There are a lot of opinions about what projects should get a green light at the Port of Tacoma. In the last few years there’s been more of a push to move away from the traditional industries like mines and fossil fuels to more environmentally-conscious plans. But not everyone is in agreement.
Candice Ruud is a reporter for The News Tribune and has been covering this issue. KNKX Morning Edition Host Kirsten Kendrick sat down with Ruud to talk about what it’ll take to come up with a plan to guide future projects slated for the Tideflats.
Differing interests between the city and port: "The City of Tacoma obviously has jurisdiction over land use in the city and sets the planning code for the city. But the port is actually an independent municipal corporation that serves the entire county. It has five commissioners that are elected from all parts of the county. And the county outside of Tacoma tends to be a lot more rural, tends to have different goals and objectives for what they want to see at the port. But because the port is in Tacoma's backyard, those voices tend to be the loudest."
Staying true to Tacoma's roots: "A lot of the time the loudest voices in this conversation have been the voices of the environmentalists and the neighbors of the port because they feel very threatened about what's happening. But there is another voice in Tacoma, and those people aren't necessarily showing up to meetings. Maybe they don't have the time, maybe they're more working class individuals. Those two identities still exist in Tacoma."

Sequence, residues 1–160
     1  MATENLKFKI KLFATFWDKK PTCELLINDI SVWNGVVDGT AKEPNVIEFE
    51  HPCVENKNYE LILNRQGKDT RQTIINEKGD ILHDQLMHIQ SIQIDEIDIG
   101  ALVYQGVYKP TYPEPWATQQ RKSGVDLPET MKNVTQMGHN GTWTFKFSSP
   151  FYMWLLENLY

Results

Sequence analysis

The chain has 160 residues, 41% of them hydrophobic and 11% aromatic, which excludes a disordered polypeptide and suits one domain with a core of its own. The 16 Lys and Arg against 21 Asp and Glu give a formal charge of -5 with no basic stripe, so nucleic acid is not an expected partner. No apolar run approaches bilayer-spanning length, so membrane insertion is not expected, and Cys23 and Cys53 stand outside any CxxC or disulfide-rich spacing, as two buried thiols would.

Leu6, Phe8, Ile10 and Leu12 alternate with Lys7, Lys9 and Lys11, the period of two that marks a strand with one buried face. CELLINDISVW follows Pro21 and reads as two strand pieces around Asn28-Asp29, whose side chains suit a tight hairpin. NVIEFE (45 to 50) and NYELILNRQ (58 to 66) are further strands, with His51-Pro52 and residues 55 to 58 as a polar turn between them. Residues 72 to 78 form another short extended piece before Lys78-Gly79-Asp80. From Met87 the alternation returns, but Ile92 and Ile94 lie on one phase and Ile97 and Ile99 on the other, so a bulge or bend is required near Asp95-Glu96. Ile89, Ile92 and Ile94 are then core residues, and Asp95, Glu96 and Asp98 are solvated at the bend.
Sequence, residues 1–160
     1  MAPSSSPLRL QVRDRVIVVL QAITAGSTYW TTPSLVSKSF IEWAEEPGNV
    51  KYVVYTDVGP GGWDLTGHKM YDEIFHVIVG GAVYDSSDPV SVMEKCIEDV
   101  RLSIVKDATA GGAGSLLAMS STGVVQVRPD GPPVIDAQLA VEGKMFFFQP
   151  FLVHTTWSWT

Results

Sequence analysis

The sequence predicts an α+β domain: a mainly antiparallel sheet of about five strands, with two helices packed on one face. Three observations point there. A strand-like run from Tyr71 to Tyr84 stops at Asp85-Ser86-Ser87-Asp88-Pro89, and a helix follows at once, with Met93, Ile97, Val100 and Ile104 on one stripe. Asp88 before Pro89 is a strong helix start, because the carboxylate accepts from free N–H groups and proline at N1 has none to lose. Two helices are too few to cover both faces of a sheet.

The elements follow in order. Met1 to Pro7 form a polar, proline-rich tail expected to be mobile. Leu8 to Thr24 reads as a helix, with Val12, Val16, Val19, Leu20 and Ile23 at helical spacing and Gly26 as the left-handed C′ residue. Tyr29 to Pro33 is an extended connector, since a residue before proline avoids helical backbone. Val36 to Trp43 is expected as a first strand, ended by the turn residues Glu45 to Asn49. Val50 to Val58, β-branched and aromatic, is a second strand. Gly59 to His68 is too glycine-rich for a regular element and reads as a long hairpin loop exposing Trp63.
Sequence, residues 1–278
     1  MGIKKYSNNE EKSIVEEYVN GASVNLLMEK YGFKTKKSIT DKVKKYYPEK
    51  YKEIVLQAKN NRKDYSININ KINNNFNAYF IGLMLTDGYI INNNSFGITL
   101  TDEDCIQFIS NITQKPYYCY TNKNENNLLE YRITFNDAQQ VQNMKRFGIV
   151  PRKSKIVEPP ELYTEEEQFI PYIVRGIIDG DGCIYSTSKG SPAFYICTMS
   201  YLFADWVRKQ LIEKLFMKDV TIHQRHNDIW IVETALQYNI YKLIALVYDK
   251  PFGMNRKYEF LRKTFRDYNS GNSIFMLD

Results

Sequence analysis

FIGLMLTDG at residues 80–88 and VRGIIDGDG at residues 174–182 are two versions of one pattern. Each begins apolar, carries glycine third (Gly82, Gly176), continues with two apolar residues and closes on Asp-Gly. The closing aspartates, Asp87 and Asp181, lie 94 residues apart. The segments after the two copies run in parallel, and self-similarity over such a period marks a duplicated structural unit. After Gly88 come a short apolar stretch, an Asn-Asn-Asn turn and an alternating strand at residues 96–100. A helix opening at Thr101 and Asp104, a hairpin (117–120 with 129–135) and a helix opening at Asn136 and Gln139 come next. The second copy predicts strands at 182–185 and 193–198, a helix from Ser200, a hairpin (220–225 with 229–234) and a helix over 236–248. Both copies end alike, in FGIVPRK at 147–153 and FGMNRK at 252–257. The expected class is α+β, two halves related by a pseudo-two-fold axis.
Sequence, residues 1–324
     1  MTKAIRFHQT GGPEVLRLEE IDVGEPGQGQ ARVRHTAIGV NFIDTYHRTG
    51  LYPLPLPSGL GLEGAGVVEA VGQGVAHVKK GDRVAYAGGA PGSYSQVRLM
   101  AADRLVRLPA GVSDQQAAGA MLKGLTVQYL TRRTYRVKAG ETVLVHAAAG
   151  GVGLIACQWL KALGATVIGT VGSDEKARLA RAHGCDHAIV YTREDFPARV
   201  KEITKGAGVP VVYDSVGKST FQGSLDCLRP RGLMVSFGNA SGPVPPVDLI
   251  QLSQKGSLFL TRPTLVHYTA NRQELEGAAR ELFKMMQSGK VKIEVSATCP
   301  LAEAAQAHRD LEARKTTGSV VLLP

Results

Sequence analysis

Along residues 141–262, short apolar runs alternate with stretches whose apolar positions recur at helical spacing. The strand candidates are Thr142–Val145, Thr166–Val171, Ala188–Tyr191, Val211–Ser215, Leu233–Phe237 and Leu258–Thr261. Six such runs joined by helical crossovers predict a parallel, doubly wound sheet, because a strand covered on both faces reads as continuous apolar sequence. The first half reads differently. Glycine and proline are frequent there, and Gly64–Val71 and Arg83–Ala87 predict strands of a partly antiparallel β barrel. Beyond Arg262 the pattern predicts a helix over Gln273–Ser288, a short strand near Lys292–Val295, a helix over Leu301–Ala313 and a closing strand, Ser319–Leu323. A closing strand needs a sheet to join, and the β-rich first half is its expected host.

Forward momentum with projects: "With how much the methanol plant scared people from all walks of life, I don't see the level of involvement that exists now going away. People are just becoming more and more informed, they're getting more and more involved. They're showing up. They're talking to their elected, they're finding out who their port commissioners are and learning about them. I think, no matter what, Tacoma's going to be forced to be more environmentally friendly in the future."